ISIS bride in same camp as Shamima Begum says UK should let her return

A 'British' Jihadi Bride of Trinidadian decent, who left the country to join Islamic State, has urged the UK to let her return from Syria.

Nicole Jack, formerly of Shepherd's Bush, West London, and her children are being detained at Camp Roj, the same camp as ISIS bride Shamima Begum.

Jack told BBC News that her family were 'out of sight, out of mind' and must not be swept 'under the carpet' by Britain, adding: 'I haven't seen a beheading in my life.'

The mother left London with her husband and then four children to join ISIS in Iraq in October 2015 having told her family she was going to Somalia to begin a new life. 

Ms Jack was brought up a Christian but converted to Islam after meeting Mr Ali while they were both working in a Pizza Hut outlet in Hammersmith, West London. 

She claimed her husband Hussein Ali threatened to break up the family up if she did not travel with him, but he then died the next year fighting for the militant group.

Ms Jack then married another foreign ISIS recruit, Adil de Montrichard from Trinidad and Tobago, also known as Adil Roberts, and they moved to Syria in 2017.

She then became pregnant with triplets but is said to have miscarried the first child, before the second was stillborn and the third lived for only three weeks.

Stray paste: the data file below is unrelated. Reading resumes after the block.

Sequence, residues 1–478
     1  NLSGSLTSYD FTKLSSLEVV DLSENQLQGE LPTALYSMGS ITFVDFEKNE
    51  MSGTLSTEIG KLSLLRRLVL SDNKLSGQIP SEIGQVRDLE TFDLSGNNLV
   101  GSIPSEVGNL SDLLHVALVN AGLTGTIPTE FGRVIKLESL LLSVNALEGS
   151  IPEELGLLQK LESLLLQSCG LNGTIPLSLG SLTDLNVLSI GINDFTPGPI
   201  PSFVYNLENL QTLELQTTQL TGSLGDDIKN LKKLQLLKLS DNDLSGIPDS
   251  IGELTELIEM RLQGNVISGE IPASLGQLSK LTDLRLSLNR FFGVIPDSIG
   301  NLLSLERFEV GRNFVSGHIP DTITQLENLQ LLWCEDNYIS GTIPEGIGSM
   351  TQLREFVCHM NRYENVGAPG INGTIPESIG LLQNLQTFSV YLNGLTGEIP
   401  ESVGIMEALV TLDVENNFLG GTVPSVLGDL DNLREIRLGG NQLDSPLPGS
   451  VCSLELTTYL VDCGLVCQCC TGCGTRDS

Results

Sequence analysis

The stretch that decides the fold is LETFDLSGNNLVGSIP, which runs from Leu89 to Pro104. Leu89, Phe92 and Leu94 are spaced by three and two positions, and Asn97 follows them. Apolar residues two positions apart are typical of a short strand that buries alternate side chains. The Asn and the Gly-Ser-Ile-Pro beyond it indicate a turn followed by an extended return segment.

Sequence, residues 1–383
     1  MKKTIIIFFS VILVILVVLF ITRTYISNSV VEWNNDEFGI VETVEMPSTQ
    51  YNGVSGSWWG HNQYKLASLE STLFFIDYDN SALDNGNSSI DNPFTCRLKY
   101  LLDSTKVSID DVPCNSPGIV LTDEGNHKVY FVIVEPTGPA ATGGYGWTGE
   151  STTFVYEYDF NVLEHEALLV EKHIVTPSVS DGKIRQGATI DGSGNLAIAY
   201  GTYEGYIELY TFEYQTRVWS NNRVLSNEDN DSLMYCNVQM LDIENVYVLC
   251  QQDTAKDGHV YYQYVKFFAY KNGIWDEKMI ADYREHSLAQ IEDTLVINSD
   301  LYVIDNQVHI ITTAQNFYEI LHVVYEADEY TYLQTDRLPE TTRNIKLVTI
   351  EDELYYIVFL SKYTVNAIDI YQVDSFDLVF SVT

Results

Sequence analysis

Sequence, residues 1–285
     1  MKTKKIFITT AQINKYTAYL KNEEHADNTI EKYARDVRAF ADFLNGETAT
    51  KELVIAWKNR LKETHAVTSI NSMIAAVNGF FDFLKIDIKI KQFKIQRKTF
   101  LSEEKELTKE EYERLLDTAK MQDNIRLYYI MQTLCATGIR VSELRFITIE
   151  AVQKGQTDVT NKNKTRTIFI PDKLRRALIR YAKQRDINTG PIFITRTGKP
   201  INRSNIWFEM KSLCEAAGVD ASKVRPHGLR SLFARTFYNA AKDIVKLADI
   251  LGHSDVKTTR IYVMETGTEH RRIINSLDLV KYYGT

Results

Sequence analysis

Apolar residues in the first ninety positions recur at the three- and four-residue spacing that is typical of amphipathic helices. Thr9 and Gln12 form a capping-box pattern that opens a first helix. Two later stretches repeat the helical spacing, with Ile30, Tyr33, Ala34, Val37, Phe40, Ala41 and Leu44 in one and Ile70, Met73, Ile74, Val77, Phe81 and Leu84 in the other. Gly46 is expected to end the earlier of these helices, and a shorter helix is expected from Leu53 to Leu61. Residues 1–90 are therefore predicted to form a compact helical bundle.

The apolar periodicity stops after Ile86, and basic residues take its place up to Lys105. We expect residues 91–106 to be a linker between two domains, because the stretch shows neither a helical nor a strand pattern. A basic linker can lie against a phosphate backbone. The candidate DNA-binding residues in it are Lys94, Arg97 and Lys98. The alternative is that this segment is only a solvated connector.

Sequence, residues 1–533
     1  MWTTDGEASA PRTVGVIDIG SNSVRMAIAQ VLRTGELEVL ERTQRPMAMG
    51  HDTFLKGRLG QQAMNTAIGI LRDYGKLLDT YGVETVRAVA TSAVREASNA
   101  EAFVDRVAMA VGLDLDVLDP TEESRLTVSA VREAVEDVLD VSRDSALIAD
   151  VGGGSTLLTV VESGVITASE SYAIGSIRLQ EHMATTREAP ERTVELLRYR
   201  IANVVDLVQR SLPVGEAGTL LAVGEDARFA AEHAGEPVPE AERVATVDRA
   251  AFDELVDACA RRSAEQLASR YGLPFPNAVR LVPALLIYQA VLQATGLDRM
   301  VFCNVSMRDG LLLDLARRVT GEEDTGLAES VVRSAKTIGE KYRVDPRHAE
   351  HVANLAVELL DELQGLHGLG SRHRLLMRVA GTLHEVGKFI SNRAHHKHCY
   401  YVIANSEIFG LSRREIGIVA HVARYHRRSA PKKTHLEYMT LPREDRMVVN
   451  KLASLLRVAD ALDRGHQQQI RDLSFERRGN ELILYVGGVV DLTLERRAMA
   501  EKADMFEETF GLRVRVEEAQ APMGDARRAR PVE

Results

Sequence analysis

Six weeks later, Mr de Montrichard was in the garden with Ms Jack's ten-year-old son Isaaq when they both died in a suspected coalition airstrike. 

She told BBC News that she knew her son was now 'in a better place', but added: 'Anything else can put us on the verge of a breakdown and this is what I can't risk.' 

She does not know if she still has British citizenship but will not let her children to go to the UK without her because they would 'not be in a stable situation'.

In London, the children's grandmother Charleen Jack Henry, a nurse who also has Trinidadian nationality (pictured below), wants the three girls to return because it is 'not fair' for them to be 'languishing in this place'.

A Government spokesman told stated: 'Our priority is to ensure the safety and security of the UK. 

'Those who remain in Syria include dangerous individuals who chose to stay to fight or otherwise support a group that committed atrocious crimes including butchering and beheading innocent civilians.

'It is important that we do not make judgments about the national security risk someone poses based on their gender or age.'

It comes one day after Germany repatriated eight women who joined ISIS and 23 children from the Roj camp, which is in Kurdish-controlled northeastern Syria.


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